Birth of rare Arabian Leopard cub marks significant milestone in saving a critically endangered species
The Arabian leopard has long represented beauty, tranquillity, physical strength, fearlessness and freedom
The female cub was born on April 23. Her gender identification and first health check occurred on July 13. The cub is now one of 16 born in a captive-breeding programme at the Arabian Leopard Breeding Center in Taif, Saudi Arabia as part of a campaign to bring the animal back from near extinction.
Her species numbers fewer than 200 in the wild after centuries of habitat loss and poaching. The International Union for Conservation of Nature (IUCN) says the species is “critically endangered”, which means it is considered to be facing an extremely high risk of extinction in the wild.
The leopard’s habitat, which formerly spanned the Arabian Peninsula and reached into the Levant, is now restricted to three countries: Saudi Arabia, Oman and Yemen. The breeding centre is operated by RCU, the agency regenerating a 22,561km swath of north-west Saudi Arabia as a global destination for natural and cultural heritage.
Motivation in Arabia to save the leopard is strong. For the region’s inhabitants the Arabian leopard – known in Arabic as An Nimr Al ’Arabi’ – has long represented beauty, tranquillity, physical strength, fearlessness and freedom. The animal has occupied a special place in the imagination for millennia and is found in ancient rock art, stories and even everyday expressions.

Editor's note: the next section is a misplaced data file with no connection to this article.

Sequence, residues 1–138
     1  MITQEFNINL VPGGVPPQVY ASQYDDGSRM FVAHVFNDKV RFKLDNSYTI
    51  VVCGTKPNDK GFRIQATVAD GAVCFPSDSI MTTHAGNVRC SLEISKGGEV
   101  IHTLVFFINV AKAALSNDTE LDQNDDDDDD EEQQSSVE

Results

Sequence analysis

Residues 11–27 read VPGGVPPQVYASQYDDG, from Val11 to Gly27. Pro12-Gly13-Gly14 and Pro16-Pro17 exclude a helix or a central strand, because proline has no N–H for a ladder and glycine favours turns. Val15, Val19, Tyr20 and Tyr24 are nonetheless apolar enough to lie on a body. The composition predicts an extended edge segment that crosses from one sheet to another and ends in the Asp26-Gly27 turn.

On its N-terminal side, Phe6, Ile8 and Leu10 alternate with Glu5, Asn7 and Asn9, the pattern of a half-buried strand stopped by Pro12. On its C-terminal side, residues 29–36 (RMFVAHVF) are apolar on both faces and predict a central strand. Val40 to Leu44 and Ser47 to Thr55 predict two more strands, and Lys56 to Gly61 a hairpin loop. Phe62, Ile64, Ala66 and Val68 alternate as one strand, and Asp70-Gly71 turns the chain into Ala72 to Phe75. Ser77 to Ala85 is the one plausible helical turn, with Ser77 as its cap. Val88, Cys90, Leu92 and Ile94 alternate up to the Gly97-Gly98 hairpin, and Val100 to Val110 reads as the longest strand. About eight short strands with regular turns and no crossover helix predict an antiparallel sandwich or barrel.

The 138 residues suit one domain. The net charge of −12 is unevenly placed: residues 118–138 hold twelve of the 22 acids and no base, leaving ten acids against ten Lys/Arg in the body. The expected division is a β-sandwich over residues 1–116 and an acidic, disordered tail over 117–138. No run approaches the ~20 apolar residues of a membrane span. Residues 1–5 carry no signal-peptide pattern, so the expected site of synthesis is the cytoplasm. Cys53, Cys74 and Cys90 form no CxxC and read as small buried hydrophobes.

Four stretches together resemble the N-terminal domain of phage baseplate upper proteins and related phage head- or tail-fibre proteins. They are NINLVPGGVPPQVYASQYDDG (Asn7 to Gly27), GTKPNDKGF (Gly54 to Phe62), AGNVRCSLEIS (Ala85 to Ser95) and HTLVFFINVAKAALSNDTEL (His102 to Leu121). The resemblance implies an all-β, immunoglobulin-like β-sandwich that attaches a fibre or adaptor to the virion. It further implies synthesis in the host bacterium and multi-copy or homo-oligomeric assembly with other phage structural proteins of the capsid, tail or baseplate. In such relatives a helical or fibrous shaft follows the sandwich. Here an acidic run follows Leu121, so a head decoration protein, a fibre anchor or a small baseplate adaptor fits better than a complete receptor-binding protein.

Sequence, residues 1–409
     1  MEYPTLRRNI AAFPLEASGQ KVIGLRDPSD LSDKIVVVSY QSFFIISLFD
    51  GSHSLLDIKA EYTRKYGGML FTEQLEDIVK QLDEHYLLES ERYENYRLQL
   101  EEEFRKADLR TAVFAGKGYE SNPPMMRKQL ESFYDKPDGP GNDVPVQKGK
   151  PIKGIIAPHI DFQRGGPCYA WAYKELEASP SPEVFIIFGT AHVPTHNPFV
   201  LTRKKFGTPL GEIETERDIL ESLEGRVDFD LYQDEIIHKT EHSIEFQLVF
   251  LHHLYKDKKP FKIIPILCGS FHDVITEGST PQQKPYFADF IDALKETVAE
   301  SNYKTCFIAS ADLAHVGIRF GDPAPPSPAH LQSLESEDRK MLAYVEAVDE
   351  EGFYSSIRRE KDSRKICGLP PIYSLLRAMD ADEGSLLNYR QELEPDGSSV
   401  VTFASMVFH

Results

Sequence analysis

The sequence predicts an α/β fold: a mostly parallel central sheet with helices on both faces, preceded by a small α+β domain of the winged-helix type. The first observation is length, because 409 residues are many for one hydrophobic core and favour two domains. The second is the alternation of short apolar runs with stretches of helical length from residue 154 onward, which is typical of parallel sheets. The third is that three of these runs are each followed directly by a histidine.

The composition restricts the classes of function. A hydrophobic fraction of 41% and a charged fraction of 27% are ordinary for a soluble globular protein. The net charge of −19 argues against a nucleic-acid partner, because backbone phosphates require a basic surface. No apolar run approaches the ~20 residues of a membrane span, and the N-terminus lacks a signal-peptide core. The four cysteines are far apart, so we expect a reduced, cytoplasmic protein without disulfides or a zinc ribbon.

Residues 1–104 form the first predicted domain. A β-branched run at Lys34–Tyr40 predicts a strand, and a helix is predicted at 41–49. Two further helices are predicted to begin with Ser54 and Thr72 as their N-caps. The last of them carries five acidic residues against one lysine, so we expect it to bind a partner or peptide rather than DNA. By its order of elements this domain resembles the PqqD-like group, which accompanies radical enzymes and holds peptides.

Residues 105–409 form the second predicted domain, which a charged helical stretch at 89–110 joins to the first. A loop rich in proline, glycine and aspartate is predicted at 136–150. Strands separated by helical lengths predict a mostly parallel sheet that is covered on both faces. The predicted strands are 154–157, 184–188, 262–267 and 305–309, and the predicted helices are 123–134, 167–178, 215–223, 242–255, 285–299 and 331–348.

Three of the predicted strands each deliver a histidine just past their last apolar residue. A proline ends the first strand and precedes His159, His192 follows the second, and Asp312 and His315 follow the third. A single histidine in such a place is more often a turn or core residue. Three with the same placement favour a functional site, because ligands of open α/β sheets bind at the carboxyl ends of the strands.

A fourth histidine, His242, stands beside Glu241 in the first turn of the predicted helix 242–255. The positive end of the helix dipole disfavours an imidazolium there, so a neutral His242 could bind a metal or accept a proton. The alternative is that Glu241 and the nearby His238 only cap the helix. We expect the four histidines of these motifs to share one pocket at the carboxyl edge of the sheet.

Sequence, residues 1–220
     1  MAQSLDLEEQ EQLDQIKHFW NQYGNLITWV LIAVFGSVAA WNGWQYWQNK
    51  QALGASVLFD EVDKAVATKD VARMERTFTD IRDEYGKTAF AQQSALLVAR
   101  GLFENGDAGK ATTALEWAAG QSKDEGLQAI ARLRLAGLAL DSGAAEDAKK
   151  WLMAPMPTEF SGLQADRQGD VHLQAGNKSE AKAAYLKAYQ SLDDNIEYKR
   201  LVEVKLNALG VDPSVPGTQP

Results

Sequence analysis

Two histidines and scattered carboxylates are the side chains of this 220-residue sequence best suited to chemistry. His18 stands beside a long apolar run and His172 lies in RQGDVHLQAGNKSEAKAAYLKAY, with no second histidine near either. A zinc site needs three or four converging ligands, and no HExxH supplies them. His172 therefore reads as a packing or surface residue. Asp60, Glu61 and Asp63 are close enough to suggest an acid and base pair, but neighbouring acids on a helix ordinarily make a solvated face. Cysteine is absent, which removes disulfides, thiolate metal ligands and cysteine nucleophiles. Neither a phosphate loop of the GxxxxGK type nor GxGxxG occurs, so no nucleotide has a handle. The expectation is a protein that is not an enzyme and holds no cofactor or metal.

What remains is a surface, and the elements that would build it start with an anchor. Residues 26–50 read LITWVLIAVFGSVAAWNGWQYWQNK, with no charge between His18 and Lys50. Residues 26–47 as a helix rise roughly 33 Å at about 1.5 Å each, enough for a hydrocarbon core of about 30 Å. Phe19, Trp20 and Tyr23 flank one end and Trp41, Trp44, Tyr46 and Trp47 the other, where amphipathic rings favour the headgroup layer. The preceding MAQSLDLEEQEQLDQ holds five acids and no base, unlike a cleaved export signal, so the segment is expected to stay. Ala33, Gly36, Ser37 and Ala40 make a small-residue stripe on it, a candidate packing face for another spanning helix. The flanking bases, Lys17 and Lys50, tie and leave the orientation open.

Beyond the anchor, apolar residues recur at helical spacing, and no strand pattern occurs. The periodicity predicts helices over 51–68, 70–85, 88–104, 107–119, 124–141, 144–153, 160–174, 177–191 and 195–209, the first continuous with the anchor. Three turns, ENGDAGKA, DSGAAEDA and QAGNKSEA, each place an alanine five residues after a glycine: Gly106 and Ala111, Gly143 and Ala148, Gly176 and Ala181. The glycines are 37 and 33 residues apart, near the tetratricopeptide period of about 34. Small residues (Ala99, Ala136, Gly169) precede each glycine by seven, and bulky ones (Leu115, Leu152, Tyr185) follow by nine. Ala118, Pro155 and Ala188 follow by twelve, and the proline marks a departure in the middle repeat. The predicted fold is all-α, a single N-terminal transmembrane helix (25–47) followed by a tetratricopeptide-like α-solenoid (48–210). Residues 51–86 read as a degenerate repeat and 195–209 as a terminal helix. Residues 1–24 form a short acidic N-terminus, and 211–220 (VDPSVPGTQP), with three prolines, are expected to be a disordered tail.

For this reason the birth of the cub represents a gain for Saudi cultural heritage as well as natural heritage.
The species will eventually be reintroduced into the wilderness in the mountains of AlUla, by restoring the population through the breeding programme and the preparation of a suitable habitat in which the leopards can thrive. The campaign includes the following initiatives:
· Expansion of the captive-breeding programme with the opening of a state-of
-the-art breeding centre to open by early 2024 as part of Sharaan Nature Reserve, AlUla.
· Establishment of the Arabian Leopard Fund, towards which RCU has allocated USD 25 million.
· Extension of partnerships with relevant conservation entities such as the International Union for Conservation of Nature (IUCN) and Panthera.
· Conversion of 80% of the AlUla project’s land into nature reserves, in line with the Saudi Green Initiative. The Sharaan Nature Reserve, for example, will restore and conserve the ecosystem, including indigenous flora and fauna, across 1560sqk.
· Reintroduction of prey species such as Nubian Ibex and Idmi Gazelles.
· Training of AlUla residents as park rangers to safeguard the reserves.
Dr Ahmed Almalki, Nature Reserves Director said: “This birth is significant because it is one step further toward reviving the Arabian leopard. We believe that saving endangered species such as the Arabian Leopard is critical to the protection of our planet and the natural balance of our ecosystem. Our goal at RCU is nothing less than to restore the power of nature’s balance.”
To learn more, visit https://www.rcu.gov.sa/en/meetourcub
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